Culture Crunch

In Communities /

By Jacinta McFadden

From the bedroom doorway, the smell of smoke teases the nostrils.  Sitting upright on the bed near the window is an Indian Princess bedecked in ornate gold jewelry.  She politely tucks her feet under her slight frame as she inhales deeply on a cigarette.

“Every woman is a princess,” she says, exhaling the smoke.

Her name is Archana but only her mother and father call her this.  TO everyone else she is Shana, the name she chose for herself in grade school when she just wanted to fit in.

Shana Gupta’s story is similar to many other first-generation Indo-Canadians struggling to find an identity, bridging Indian and Canadian lifestyles.

When she was a child, her family moved from a Hindu neighbourhood of London, England to a white neighbourhood for Scarborough.  “During those crucial years I wasn’t exposed to Indian culture any more.  I think that’s why I lost that connection.”  She recalls going to weddings and formal affairs, but not having a lot of casual contacts with the Indian community.  She felt disconnected from everyone.

She recounts the pressure she felt as the eldest child.  “My parents wanted to keep me so close to the Indian culture and Indian religion, yet I couldn’t connect with it and I ended up rebelling.”

Her head bows in shame as she recalls some of the things she did.  “I used to sneak out of the house a lot.  I did a lot of things to hurt my parents purposefully.  You know, because I was hurt, I hurt them really bad.  I don’t think they were prepared for it because it’s not part of our culture.”  Her eyes drop to the floor.  She continues in a whisper, “I stole from them.  I did a lot of bad things.”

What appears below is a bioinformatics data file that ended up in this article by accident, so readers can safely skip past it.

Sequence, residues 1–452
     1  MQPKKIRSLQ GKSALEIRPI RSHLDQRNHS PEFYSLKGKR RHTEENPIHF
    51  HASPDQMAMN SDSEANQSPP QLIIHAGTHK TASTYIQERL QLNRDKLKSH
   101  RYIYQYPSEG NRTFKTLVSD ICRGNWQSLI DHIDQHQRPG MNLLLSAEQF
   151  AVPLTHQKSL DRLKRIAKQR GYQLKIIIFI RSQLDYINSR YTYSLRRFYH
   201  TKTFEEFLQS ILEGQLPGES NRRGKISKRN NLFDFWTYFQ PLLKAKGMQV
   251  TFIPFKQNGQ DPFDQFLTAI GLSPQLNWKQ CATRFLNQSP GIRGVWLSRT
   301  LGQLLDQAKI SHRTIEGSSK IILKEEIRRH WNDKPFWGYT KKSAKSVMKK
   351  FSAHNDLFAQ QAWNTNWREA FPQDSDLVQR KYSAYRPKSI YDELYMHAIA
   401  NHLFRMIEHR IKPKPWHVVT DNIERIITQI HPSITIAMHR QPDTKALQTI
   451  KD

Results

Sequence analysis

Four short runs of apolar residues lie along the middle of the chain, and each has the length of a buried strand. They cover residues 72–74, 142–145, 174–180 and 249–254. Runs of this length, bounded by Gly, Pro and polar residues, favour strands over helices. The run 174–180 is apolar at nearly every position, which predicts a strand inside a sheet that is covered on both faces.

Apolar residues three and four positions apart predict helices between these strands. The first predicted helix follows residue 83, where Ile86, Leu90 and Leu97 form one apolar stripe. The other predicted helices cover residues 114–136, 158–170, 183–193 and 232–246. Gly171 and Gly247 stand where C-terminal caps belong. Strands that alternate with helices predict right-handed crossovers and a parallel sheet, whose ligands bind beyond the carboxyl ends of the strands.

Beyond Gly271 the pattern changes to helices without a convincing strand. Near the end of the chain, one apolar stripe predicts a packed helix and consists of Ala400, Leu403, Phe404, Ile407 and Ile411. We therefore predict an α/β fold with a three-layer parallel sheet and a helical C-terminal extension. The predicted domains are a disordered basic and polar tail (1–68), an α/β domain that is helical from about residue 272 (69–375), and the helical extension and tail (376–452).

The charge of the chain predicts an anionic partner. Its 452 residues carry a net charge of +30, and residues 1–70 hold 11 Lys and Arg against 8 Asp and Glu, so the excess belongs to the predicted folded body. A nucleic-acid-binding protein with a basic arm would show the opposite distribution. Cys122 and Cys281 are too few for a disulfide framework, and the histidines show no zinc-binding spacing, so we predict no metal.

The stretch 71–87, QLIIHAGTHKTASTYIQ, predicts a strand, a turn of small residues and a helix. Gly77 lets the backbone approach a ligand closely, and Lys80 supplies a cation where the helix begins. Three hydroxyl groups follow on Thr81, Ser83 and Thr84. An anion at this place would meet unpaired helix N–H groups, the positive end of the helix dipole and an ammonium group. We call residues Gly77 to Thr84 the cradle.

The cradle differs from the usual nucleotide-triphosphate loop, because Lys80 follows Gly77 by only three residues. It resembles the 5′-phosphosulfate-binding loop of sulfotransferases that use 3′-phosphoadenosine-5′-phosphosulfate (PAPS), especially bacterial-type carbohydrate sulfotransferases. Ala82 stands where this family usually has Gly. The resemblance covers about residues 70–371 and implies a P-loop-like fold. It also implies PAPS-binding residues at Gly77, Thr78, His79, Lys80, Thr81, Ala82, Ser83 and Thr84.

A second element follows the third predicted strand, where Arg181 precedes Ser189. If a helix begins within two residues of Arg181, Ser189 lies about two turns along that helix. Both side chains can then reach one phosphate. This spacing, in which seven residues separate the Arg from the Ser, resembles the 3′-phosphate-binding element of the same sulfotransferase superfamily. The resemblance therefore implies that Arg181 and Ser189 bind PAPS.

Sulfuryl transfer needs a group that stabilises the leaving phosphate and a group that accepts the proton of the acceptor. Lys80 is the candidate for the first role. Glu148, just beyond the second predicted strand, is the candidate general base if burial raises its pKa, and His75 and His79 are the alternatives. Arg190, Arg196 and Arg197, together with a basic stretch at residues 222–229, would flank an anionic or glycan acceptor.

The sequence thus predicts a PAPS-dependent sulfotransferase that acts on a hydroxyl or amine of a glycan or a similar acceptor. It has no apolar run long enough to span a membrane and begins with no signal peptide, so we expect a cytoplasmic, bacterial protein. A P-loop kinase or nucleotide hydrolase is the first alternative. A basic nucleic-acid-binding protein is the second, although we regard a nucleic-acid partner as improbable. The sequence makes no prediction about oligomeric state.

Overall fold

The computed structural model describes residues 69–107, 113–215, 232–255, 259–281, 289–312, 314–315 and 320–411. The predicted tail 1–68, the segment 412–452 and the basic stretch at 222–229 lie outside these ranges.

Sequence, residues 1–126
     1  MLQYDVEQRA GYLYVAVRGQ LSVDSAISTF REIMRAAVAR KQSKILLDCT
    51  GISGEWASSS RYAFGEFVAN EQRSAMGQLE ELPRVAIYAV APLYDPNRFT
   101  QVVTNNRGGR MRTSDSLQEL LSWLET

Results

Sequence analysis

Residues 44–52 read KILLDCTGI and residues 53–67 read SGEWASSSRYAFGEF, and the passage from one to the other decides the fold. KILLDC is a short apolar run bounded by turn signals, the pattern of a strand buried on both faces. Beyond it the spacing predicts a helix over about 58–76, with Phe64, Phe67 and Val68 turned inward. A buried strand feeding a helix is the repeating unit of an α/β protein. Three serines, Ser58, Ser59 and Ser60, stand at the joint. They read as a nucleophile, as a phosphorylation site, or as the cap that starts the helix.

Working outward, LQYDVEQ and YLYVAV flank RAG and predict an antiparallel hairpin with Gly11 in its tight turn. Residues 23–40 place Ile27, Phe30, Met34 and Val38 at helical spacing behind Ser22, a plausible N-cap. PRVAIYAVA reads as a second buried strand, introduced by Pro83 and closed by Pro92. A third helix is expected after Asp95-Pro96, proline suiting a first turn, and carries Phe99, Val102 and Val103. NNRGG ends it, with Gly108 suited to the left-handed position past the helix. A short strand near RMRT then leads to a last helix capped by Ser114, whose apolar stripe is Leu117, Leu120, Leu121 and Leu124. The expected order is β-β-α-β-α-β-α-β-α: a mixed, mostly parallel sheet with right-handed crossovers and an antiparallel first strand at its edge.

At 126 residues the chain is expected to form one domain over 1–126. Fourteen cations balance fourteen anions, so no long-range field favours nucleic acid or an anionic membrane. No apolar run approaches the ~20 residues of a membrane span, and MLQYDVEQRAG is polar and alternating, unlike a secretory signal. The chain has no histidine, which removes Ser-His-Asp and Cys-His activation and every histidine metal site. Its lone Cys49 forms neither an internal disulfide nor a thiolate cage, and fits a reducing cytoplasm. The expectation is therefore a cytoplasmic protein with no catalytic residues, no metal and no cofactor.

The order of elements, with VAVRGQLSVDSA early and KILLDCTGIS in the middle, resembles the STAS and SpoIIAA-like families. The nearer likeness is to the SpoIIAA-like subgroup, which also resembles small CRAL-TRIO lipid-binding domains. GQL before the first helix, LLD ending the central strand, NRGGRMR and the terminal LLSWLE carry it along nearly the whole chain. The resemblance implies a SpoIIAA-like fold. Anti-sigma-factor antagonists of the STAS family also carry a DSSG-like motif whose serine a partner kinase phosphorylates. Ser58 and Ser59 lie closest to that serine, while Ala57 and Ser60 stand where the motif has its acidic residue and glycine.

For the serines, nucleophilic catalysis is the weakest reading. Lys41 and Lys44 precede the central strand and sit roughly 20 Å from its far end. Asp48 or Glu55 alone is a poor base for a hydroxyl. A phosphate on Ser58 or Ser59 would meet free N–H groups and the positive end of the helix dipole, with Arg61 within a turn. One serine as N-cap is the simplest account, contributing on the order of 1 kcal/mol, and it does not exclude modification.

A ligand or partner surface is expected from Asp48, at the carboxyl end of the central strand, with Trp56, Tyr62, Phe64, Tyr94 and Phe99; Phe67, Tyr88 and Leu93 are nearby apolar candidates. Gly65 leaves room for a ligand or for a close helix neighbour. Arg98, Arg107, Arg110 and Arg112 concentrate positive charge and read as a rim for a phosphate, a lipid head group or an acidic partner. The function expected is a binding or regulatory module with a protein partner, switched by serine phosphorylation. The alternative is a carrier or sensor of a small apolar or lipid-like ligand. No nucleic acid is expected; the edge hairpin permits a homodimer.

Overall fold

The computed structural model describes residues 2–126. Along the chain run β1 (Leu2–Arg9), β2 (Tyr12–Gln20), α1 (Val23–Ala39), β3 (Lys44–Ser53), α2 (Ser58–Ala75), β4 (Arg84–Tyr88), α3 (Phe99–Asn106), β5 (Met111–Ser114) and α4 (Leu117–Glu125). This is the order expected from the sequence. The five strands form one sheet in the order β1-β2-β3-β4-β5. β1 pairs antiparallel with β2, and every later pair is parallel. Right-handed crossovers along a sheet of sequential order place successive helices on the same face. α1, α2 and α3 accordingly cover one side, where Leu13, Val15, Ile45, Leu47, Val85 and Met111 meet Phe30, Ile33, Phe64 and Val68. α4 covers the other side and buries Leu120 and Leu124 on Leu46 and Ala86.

At 15, cops would find her roaming around Scarborough in the middle of the night.  Her dad, after seeing her go to bed, would get the 5 a.m. wake-up call from the officer who picked her up on the street.  “I was so blinded by my own rage I didn’t even stop and look at what my parents were feeling,” she says.

For Gupta, discovering who she was meant moving out of home at 15 — unthinkable for East Indian girl.  That same year, she dropped out of high school, worked for the next five years and lived life according to her own rules.  She managed to maintain sporadic contact with her family but there were times they would answer her phone calls, only to hang up with the words “my daughter is dead.”

After years of working in the adult world, she realized it left more to be desired.  It was time to return to the education she’d deserted years before.  At 120, she enrolled in an early childhood education program at a Toronto college.  It was the turning point in her life.  She realized she could do whatever she set her mind to.  But she till didn’t have the most important thing — the faith of her parents.  “They never believed in me.  They never believed I would finish college.”